- the convocation, BCC and district unit leaders to work together to create an association of congregations in black ministry “to continue the work of black ministry.”
In his keynote, Dr. John Nunes, president and CEO of Lutheran World Relief (LWR), Baltimore, related how he suffered with a sore toe for 10 days, not realizing it was broken until he finally saw a doctor. He used that as a metaphor for the “longer suffering of those who are limping their way through life with brokenness,” and said there are many people who “look normal on the outside but are hurting on the inside,” particularly “church people,” he added, who “are the best … in the world” at “hiding [their] hurts.”
“With the power of God behind us, the presence of God beside us and the promise of God before us,” Christians are “perfectly placed” to reach out to the world’s hurting people, including other Christians, he said.
Nunes also encouraged the convocation to “keep dancing in spite of racism” that’s still prevalent in America. And he introduced the “Lutheran Malaria Initiative” — a collaborative effort by LWR, the LCMS, the Evangelical Lutheran Church in America and the United Nations Foundation to eradicate the disease that claims a million lives a year.
“If you’re ablaze with something, then you’ll be empowered to do something,” he said, modeling his words on the poem “Something Else” and incorporating the convocation’s theme. “If you’re empowered to do something, then you’ll be able to make a difference in this world.”
In his remarks to the convocation, Kieschnick called ministry to ethnic groups and young people “two huge challenges” that the Synod needs to address. “We have the answers” to those who are questioning life, he said, and those answers are “revealed in the Holy Scriptures.”
He said he is “excited” about the future of Concordia, Selma, where “opportunities abound,” including a proposed land purchase to expand the campus. He encouraged convocation participants to help recruit church workers by speaking “to those who have gifts to be professional church workers,” since many young people “look to you as heroes.”
In his report, BBMS Executive Director Dr. Frazier Odom recalled the birth of the BBMS in 1977 and the current Blue Ribbon Task Force proposals that may eliminate the BBMS and other program boards.
“How are we going to keep black ministry alive?,” Odom asked the convocation. “It’s possible, but it depends on you,” he said. “We must make a rule that we will be involved.”
Odom urged convocation participants to contribute to the Dr. Richard C. Dickinson Memorial Fund, which will be used to recruit, train and deploy future church workers, and is a way “to keep black ministry going,” he said.
Dickinson, the first executive director of the Synod’s Commission on Black Ministry, which preceded the BBMS, died April 17 at the age of 85. He was the recipient of the first “Lifetime Achievement Award” given by the BCC, and had served in LCMS black ministry for more than 50 years.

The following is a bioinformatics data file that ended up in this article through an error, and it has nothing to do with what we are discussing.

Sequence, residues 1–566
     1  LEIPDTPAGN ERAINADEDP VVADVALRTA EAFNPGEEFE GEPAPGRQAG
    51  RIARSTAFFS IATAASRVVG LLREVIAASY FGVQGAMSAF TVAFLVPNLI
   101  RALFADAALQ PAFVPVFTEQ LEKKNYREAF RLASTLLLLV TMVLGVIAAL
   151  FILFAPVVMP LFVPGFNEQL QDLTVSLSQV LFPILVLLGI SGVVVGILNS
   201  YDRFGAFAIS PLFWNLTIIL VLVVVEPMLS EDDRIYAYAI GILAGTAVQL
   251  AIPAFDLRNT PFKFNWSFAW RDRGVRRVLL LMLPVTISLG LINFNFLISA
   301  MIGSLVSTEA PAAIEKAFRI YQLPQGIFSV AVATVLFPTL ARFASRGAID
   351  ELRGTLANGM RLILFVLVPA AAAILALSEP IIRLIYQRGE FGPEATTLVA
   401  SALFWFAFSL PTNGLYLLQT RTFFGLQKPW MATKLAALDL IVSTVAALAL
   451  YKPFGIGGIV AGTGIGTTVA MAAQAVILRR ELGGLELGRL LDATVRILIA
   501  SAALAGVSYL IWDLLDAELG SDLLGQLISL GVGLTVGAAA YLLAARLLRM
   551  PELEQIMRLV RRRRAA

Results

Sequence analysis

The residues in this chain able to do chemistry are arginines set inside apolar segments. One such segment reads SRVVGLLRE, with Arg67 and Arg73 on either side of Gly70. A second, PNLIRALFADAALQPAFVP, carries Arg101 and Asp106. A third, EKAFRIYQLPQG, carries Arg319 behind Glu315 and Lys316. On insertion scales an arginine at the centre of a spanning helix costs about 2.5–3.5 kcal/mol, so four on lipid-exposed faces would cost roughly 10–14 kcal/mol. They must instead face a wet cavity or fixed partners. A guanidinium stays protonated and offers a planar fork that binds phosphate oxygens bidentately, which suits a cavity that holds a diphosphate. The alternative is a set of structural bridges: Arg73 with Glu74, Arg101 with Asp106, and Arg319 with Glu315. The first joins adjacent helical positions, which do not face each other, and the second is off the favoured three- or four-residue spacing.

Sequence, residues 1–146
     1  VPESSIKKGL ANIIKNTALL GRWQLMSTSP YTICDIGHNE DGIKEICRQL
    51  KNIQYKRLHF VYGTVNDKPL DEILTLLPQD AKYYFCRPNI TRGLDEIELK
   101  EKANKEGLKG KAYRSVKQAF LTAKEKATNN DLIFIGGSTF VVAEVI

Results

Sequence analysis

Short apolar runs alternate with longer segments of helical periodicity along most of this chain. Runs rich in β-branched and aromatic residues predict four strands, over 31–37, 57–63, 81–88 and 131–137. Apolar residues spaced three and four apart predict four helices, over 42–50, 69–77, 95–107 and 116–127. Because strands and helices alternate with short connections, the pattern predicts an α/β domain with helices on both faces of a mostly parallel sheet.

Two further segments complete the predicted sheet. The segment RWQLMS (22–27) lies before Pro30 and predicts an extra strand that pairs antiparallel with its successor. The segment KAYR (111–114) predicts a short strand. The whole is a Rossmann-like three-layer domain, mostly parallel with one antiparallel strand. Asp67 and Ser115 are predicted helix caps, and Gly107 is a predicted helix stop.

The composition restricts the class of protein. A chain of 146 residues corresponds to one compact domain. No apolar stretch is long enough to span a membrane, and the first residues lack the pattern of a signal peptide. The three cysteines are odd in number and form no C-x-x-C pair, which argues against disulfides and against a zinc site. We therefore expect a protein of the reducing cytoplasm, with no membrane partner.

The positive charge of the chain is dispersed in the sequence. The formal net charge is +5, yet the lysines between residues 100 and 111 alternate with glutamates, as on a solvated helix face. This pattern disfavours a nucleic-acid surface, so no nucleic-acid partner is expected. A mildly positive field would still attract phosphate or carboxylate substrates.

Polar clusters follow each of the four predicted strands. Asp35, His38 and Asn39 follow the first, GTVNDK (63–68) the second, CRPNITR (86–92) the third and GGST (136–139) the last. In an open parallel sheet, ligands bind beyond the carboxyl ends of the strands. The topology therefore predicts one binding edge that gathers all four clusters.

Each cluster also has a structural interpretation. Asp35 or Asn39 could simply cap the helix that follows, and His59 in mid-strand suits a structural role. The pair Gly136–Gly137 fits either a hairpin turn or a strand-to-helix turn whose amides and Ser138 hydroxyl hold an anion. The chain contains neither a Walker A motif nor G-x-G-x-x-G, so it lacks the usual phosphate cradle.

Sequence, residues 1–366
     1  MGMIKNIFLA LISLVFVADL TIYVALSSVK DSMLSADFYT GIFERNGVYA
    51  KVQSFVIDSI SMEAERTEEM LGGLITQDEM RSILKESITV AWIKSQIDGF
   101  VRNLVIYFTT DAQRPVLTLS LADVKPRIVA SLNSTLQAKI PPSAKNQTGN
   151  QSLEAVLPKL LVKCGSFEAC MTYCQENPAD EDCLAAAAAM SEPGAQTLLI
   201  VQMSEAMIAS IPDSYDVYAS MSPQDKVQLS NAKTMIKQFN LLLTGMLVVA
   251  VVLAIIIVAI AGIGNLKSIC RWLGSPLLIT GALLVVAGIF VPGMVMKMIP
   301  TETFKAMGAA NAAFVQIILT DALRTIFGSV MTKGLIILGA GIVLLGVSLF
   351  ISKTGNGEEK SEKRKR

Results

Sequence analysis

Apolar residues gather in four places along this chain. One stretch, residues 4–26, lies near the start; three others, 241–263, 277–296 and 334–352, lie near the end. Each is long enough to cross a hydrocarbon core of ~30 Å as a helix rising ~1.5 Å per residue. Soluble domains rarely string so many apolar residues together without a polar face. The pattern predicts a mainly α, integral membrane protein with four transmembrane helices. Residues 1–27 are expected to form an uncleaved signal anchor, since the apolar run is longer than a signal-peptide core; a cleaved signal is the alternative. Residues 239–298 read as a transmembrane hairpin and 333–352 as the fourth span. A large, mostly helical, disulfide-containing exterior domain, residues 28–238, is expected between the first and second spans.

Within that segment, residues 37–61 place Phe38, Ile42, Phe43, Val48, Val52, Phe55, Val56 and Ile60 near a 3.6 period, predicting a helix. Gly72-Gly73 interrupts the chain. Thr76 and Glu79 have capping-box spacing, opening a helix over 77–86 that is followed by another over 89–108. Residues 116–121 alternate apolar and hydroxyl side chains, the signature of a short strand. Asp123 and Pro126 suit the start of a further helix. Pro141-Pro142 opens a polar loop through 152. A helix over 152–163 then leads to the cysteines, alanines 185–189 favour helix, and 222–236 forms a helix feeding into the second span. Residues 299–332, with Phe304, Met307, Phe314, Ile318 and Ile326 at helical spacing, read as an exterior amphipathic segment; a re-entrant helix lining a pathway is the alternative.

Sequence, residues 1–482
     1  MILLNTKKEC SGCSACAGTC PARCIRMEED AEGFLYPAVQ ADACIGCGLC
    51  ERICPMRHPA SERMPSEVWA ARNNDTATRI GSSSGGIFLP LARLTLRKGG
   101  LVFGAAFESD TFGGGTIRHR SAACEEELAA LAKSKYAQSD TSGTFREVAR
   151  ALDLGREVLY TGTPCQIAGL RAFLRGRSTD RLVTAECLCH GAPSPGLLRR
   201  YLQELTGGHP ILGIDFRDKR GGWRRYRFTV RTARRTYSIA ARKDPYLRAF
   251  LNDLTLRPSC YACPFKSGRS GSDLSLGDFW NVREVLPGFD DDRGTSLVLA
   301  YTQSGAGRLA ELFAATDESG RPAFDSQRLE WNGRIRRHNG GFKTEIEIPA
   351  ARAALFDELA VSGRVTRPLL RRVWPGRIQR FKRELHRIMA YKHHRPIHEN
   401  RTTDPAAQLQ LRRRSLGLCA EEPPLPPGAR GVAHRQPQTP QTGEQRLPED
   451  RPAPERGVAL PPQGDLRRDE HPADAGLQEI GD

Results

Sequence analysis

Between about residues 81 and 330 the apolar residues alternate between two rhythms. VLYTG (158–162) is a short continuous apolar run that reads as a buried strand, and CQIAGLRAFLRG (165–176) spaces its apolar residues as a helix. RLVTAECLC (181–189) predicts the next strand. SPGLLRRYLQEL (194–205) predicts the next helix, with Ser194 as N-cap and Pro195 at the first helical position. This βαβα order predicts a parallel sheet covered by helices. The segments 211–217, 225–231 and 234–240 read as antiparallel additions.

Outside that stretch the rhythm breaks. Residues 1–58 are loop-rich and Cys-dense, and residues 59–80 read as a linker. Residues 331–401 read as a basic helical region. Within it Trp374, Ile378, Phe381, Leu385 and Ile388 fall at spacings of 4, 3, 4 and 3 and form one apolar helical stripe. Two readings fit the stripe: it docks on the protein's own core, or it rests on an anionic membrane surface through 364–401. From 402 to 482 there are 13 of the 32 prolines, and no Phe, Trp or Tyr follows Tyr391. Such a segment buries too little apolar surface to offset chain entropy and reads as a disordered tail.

In a presentation titled “Where are we going from here?,” Rev. James McDaniels, BCC vice president, shared a recruitment report prepared by Dickinson for the convocation. In that report, Dickinson said the LCMS needs to graduate over the next decade 35 pastors a year to meet the needs of the Synod’s 400 black congregations. There are currently about 75 black pastors serving those congregations, McDaniels reported, and only one black seminary student.
“All of us have to take responsibility” for recruiting church workers, McDaniels said, echoing the words of Dickinson. McDaniels said he came from a congregation that produced more than two dozen church workers. “I know congregations that haven’t produced one and they are 100 years old,” he said.
The four-day convocation included five worship services. In the opening service, Rev. Ulmer Marshall addressed the “Ablaze, Empowered and Determined” theme and its roots in the words of St. Paul: “Not that I have already obtained all this, or have already been made perfect, but I press on to take hold of that for which Christ Jesus took hold of me. Brothers, I do not consider myself yet to have taken hold of it. But one thing I do: Forgetting what is behind and straining toward what is ahead, I press on toward the goal to win the prize for which God has called me heavenward in Christ Jesus.”
Like the words of St. Paul relate, “we have not arrived yet,” we have not reached the “perfection” that awaits us in heaven, Marshall said. The church is not a place for perfect people, so we need to go out and invite other sinners to worship, and “maybe our churches would start growing,” he said.
To “press on with zeal,” Marshall said, “we need to stand on God’s Word.” The church needs to pray, he said, “like we have never prayed before.”
“Because the Holy Spirit has empowered us … we need to be determined to not look back and run for the goal,” he said.
In his sermon on Friday night, Rev. Aaron Dickerson encouraged worshipers to “look back and start thanking God for what He has done for you,” to look ahead, trusting that God will care for you, and to “look around” to see opportunities to serve Him.
Dickerson said he was not worried about the B-R-T-F-S-S-G [Blue Ribbon Task Force on Synod Structure and Governance] report or the new Synod structure because he has “G-O-D … His “S-O-N” … and the “H-O-L-Y S-P-I-R-I-T,” he said, spelling the words.
Concordia, Selma, President Dr. Tilahun Mendedo shared his priorities for the college, including re-establishing accreditation, improving campus safety and finances, establishing partnerships with other Concordia University System schools, setting up off-campus sites and acquiring faculty and staff. He said he hopes to close on the new-property purchase this summer, and has renovations planned for all campus buildings, which are outdated.
A “Recognition Banquet” honored 17 pastors and teachers — each with more than 50 years of service. Among them was Rev. Gulfrey Laurent of Carson, Calif., with 70 years of service, and Dr. Robert King, of Jefferson City, Mo., and Dr. William H. Griffin, of Detroit — with 60 years each.
Since the biennial convocations are sponsored by the BBMS — and that board’s future is uncertain — participants said they are hoping the gatherings can continue.
“As our theme mentioned, we are determined to press on,” Rev. Ulmer Marshall told Reporter. “We’re determined to, no matter what, whether the reconstruction of Synod comes about [or not].”
Marshall said he believes “there’s a need for our members to come together. So there will be some form or fashion of a convocation — whether it will be regional or n